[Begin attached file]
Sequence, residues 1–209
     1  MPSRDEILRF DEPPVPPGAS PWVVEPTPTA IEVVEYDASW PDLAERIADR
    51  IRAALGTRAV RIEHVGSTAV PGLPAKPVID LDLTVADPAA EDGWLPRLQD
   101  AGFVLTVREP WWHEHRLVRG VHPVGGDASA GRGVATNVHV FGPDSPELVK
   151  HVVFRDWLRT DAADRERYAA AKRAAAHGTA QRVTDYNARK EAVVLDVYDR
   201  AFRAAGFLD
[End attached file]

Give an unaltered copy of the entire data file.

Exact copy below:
Sequence, residues 1–209
     1  MPSRDEILRF DEPPVPPGAS PWVVEPTPTA IEVVEYDASW PDLAERIADR
    51  IRAALGTRAV RIEHVGSTAV PGLPAKPVID LDLTVADPAA EDGWLPRLQD
   101  AGFVLTVREP WWHEHRLVRG VHPVGGDASA GRGVATNVHV FGPDSPELVK
   151  HVVFRDWLRT DAADRERYAA AKRAAAHGTA QRVTDYNARK EAVVLDVYDR
   201  AFRAAGFLD